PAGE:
Nike is the king of basketball sneakers and sports apparel but when it comes to college baseball bats, the swoosh has apparently struck out.
Every college under contract with Nike has been let out of its commitment to use Nike baseball bats during the upcoming season.
Of the top 20 teams in home runs last season, not a single one used Nike bats.
Major schools such as Southern Cal, Miami, Alabama, Georgia and Kentucky all used Nike bats and experienced major drops in offensive production. Home runs were 20 percent lower and slugging percentages 44 percent lower for those teams than for the rest of the NCAA.
The Tuscaloosa News, which led the reporting on this story, notes the Hurricanes hit an average of more than 93 homers a season between 2008 and 2010, but last season with Nike bats they slammed just 33 dingers. That's a staggering 64.5 percent drop in power.
Alabama's power dropped 86.6 percent over the previous three seasons.
Earlier this year, the NCAA ruled that college bats must perform more like wood. The goal was to reduce the high scoring that affected the game (and arguably threatened pitcher safety) in the 1990s. But clearly programs using Nike bats didn't expect performance to drop off this much.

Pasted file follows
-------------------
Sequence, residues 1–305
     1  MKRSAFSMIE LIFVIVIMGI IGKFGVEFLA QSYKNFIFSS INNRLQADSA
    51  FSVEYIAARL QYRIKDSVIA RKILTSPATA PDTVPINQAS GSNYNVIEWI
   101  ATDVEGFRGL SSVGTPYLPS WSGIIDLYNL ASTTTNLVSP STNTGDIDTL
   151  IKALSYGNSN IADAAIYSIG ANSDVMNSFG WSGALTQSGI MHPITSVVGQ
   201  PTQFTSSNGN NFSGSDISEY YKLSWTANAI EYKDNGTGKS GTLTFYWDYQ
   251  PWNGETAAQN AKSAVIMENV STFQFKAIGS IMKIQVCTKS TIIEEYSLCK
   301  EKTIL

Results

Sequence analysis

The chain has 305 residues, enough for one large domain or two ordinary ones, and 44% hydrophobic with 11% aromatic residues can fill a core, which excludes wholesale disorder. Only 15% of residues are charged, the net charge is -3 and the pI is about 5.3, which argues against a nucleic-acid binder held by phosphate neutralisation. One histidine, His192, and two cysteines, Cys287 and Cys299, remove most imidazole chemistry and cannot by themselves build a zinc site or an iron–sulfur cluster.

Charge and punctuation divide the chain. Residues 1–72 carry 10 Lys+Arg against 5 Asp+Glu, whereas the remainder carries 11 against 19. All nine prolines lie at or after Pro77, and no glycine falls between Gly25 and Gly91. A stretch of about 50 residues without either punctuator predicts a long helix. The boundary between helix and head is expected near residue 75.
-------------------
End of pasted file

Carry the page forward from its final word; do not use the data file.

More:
Part of the issue is a problem that's plagued even expert bat-makers: how to reliably measure "wood-like" performance. Some test the speed of the bat at impact with the ball, while others measure the ball's "exit speed." The debate has led to not only confusion, but varying performance of bats.
The Tuscaloosa News report says Nike is no longer selling bats certified for college use on its Nike Store online.
Nike ranked 135th on the Fortune 500 list of American companies for 2011. The company had revenues of $1.9 billion, making it the top apparel industry.
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